Juvenile / Youth
When Your Child Is Arrested. By Scott Larson and John Kingsley
Juvenile Justice: Annotated Bibliography Are you looking for a comprehensive list of resources about juvenile justice? Then this publication is for you. It offers a wide range of sources that will give you an excellent review of the field of juvenile justice. Each annotation explains what the item is about, with many having Web links. Citations are organized into the following areas: courts; juvenile assessment; assessment tools; programs; programs for young women; facilities; training; websites; and juvenile sex offenders.
Juvenile Arrests, 2016 (December, 2018) This bulletin, released by Juvenile Justice Statistics, describes the latest trends in arrests involving juveniles from 1980 to 2016.
Childhood Trauma: Changing Minds
Witnessing violence can change a kid’s mind. You can help them heal. New research shows that witnessing traumatic events, like domestic violence, shootings, or even fighting, can impact the physical development of a child’s brain — potentially leading to lifelong health and social issues. But you can help reverse the effects. This site will teach you about the science of childhood trauma, and how five everyday gestures can make a world of difference.
Because Kids are Different: Five Opportunities for Reforming the Juvenile Justice System
Juvenile courts in the United States ostensibly operate with the overarching goals of holding youth accountable for wrongdoing, reducing crime, and increasing public safety. However, the actual policies and practices of state juvenile justice systems frequently work against these goals. “Holding youth accountable” is often simplified to involve only punishment—formal court processing with harsh consequences or incarceration for even minor offenses, despite more and more studies confirming the ineffectiveness of these approaches. Too few juvenile justice systems use programs and practices that teach youth about the consequences of their wrongdoing in a holistic way, or give youth opportunities to restore damage they have caused, when feasible, and the tools to learn from their mistakes and make better choices in the future.
The MacArthur Foundation Status Report: Juvenile Justice in a Developmental Framework
This report defines developmentally appropriate best practices in nine key juvenile justice policy areas and examines which states (and the District of Columbia) have, as of mid-2015, incorporated those practices into their juvenile justice statutes. The policy areas are status offense rules, age limits for juvenile court jurisdiction, transfer to adult court, access to counsel, competency to stand trial, courtroom shackling, solitary confinement, juvenile records, and sex offender registration.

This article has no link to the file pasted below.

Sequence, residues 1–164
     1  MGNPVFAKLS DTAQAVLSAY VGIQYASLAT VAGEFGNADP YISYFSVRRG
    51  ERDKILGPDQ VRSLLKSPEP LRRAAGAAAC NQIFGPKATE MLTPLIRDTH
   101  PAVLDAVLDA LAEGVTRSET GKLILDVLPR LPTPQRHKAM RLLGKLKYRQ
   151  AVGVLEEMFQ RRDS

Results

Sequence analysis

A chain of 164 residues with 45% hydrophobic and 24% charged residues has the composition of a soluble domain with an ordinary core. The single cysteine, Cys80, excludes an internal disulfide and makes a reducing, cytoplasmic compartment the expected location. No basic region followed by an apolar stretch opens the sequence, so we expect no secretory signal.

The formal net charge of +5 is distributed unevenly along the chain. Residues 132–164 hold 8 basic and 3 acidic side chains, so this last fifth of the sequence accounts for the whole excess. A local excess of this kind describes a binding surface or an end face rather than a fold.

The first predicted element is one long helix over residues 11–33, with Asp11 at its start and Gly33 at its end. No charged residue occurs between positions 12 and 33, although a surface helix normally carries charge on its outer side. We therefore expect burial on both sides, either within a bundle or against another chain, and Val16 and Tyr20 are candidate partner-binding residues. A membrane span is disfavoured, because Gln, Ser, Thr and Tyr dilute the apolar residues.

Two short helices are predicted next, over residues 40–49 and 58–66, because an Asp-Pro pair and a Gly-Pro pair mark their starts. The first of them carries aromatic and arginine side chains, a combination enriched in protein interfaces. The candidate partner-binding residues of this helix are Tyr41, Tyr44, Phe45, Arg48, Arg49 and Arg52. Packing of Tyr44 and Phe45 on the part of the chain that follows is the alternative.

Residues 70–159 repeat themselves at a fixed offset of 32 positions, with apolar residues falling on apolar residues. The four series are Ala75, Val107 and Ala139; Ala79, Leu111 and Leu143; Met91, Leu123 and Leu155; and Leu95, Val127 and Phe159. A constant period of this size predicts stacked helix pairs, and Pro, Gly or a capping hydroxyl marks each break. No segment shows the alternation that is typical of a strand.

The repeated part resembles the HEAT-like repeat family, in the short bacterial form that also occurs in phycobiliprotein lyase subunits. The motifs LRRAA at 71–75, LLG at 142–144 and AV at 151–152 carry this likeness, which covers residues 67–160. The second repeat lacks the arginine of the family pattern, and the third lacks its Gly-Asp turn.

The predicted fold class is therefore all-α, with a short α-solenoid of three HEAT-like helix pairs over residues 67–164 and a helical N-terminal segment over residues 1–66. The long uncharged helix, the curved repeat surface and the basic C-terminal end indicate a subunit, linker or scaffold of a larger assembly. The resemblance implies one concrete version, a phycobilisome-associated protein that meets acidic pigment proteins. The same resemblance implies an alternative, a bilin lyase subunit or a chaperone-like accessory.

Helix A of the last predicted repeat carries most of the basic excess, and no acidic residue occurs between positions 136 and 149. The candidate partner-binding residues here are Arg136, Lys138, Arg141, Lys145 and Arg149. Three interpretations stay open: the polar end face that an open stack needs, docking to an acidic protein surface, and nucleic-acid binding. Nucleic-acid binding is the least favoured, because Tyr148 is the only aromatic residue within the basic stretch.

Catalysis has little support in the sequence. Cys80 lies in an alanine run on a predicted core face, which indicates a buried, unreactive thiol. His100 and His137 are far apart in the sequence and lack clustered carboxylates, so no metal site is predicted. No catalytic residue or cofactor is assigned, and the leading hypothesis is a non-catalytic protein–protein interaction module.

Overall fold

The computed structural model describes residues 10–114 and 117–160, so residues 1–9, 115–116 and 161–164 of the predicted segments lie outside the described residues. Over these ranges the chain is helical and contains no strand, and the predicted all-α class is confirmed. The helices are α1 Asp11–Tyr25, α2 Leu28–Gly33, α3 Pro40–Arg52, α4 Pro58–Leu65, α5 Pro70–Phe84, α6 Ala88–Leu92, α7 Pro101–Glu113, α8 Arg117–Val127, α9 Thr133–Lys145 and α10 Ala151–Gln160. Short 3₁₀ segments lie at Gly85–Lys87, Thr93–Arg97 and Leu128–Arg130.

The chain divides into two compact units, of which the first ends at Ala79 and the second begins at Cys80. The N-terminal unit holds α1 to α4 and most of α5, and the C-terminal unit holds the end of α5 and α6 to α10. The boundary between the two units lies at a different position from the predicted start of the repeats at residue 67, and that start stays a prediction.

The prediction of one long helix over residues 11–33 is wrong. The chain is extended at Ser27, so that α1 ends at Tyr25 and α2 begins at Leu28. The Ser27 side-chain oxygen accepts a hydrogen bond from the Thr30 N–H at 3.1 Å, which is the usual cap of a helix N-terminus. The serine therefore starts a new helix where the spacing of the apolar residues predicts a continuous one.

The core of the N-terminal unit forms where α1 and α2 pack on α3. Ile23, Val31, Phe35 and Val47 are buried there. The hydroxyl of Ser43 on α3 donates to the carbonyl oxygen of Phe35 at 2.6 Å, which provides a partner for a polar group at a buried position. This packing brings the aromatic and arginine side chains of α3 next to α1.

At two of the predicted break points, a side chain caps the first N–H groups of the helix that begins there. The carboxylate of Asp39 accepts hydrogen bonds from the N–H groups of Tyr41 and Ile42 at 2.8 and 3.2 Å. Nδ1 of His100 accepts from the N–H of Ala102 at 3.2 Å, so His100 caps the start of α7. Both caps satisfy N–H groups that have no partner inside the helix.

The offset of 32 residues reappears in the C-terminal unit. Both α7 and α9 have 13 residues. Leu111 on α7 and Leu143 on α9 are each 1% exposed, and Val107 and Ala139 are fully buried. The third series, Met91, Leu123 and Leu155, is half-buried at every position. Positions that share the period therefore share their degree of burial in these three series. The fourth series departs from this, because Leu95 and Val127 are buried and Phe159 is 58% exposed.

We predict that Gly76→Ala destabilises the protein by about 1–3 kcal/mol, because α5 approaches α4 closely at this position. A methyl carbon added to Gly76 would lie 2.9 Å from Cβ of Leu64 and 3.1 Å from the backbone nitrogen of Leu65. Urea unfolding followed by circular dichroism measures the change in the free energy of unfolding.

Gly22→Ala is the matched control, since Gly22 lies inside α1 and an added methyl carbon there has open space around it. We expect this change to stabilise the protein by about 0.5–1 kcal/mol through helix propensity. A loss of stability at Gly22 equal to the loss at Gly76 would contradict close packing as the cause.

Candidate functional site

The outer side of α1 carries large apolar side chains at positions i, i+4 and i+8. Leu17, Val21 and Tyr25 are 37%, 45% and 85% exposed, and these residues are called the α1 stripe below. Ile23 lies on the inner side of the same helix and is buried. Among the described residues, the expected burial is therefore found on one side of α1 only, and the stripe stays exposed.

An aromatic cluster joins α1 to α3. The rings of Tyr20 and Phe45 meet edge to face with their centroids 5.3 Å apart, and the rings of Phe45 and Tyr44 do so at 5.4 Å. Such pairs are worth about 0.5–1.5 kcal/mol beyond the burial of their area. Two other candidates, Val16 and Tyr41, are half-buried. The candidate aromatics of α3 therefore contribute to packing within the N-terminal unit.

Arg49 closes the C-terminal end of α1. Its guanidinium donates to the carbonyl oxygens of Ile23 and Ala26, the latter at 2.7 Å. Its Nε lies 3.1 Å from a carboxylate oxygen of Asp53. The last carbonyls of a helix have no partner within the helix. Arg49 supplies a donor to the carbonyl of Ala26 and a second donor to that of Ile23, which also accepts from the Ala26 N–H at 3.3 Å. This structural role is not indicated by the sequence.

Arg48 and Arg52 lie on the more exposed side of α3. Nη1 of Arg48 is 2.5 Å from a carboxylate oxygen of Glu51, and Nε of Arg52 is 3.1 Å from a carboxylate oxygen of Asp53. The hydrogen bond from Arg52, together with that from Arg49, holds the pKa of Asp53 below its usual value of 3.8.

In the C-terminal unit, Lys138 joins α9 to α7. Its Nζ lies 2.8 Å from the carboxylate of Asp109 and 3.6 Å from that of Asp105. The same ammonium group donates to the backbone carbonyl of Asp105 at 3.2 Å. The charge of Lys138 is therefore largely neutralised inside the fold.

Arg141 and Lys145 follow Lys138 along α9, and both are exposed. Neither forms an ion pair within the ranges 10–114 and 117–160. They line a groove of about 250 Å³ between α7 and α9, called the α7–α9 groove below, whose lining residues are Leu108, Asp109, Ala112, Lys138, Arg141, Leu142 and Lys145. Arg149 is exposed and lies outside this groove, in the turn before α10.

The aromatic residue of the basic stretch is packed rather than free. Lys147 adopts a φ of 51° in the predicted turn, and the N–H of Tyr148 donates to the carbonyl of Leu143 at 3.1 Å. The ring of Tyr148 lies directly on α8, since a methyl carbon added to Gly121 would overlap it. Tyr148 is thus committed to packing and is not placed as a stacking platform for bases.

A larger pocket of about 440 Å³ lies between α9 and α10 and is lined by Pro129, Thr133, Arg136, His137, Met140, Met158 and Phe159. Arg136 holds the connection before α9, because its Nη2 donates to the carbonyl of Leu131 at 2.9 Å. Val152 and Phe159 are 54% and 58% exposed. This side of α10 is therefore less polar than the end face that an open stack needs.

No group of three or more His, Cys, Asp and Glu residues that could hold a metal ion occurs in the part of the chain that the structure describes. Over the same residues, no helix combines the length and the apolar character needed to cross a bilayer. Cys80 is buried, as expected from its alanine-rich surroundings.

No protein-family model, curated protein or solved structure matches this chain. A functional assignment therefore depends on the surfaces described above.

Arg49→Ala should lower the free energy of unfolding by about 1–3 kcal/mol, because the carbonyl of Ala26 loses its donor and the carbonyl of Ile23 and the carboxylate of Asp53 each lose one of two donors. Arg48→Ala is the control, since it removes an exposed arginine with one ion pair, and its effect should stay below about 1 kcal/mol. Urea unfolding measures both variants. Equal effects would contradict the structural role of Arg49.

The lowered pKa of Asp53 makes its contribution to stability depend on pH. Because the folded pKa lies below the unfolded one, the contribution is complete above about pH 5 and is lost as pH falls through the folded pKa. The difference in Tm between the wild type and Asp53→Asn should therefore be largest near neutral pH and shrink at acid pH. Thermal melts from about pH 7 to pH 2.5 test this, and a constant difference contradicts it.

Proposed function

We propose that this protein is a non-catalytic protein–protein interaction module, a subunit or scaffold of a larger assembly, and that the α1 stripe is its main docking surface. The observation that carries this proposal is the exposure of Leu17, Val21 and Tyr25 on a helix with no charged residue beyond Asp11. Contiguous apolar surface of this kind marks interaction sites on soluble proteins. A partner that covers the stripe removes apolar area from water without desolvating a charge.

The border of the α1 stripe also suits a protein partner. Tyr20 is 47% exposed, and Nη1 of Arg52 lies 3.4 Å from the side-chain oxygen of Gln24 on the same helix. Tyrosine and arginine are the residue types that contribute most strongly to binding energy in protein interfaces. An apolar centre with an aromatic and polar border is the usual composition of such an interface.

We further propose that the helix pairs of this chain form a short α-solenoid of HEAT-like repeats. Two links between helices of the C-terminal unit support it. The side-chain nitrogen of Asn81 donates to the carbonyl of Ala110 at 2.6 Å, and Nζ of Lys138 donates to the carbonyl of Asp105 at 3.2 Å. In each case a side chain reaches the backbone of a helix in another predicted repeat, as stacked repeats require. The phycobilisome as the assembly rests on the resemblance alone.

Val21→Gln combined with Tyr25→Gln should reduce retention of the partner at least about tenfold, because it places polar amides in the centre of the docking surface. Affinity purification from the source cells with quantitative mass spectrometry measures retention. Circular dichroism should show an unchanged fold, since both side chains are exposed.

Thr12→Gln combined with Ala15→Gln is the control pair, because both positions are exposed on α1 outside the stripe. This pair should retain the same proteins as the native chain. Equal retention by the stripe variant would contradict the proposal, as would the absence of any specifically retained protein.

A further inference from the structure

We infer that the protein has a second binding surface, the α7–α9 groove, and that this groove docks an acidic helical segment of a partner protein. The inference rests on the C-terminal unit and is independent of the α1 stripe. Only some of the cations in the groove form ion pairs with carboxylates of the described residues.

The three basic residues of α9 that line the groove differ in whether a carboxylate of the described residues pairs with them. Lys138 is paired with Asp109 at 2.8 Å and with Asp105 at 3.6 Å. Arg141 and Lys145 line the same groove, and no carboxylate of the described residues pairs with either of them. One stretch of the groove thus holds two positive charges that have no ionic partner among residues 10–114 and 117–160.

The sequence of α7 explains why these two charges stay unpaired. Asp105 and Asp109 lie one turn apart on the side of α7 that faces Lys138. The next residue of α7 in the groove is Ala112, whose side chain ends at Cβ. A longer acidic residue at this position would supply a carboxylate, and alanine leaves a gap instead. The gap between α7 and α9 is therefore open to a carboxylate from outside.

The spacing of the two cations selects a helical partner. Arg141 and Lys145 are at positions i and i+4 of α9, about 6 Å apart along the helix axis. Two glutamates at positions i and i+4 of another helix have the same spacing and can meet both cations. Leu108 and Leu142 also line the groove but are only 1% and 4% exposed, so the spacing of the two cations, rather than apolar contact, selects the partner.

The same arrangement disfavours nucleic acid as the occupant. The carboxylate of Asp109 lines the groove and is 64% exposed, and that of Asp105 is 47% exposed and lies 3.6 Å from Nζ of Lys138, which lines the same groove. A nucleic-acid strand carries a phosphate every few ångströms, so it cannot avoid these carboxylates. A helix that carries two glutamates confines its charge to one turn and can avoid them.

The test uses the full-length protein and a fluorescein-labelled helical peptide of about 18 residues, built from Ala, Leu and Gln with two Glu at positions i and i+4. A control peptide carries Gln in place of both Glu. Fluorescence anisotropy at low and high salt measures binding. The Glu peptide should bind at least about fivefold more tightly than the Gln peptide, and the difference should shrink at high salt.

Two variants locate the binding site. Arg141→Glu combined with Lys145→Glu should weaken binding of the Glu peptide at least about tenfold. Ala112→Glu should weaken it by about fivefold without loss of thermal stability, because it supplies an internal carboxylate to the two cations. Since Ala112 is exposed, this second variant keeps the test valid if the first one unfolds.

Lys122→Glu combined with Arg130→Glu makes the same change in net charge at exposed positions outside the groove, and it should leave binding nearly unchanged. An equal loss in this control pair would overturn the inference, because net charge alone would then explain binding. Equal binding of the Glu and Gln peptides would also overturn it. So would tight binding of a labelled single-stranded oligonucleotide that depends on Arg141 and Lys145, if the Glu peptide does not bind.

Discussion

Trends in Juvenile Justice
This report goes over the more and better information is available to policymakers on the causes of juvenile crime and what can be done to prevent it. This includes important information about neurobiological and psychosocial factors and the effect on development and competency of adolescents. The research has contributed to recent legislative trends to distinguish juvenile from adult offenders, restore the jurisdiction of the juvenile court, and adopt scientific screening and assessment tools to structure decision-making and identify needs of juvenile offenders. Competency statutes and policies have become more research-based, and youth interventions are evidence-based across a range of programs and services. Other legislative actions have increased due process protections for juveniles, reformed detention and addressed racial disparities in juvenile justice systems.?
All Children are Children is a report by the Equal Justice Initiative (EJI) to challenge abusive punishments of juveniles.
Interactive Map: Rates of Incarceration for each state broken out by race, ethnicity and gender Custody rates are calculated per 100,000 juveniles ages 10 through the upper age of original juvenile court jurisdiction in each State. Click on a state to see that state’s overall number of incarcerated youth, and breakdowns of incarcerated youth by race, ethnicity, and gender as compared to the general youth population in that state.
When Your Child Is Arrested: A Parent’s Guide to the Juvenile Justice System by Scott Larson and John Kinsley
Whether you were expecting it or not, news of your child’s arrest can be extraordinarily difficult. In that moment of blurred emotions, it’s not easy to think clearly or understand what will happen next. This booklet walks you step-by-step through the process, sharing stories of pain and healing from other parents who have traveled the same road. Not only will you get a sense of what to expect from the legal system, you’ll find information on what your child may experience while being detained. Discover how you can participate in the process and become your son or daughter’s best advocate during and after confinement.
Back on Track: Supporting Youth Reentry from Out-of-Home Placement to the Community.
This report provides guidance and recommendations for achieving successful reentry services and programs. Sections following an executive summary are: introduction; characteristics of reentry youth; collateral consequences associated with out-of-home placement; essential components of youth reentry services; effective outcomes for youth reentry; federal support for reentry in the child welfare system; principles for effective youth reentry; and recommendations for federal leadership in youth reentry.
The following articles are found in the Members Section of the CMCA Website.
- Overview of the Juvenile Justice System
- Court Decision on Life Without Parole
- Reentry Starts Here: A Guide for Youth in Long-Term Juvenile Corrections and Treatment Programs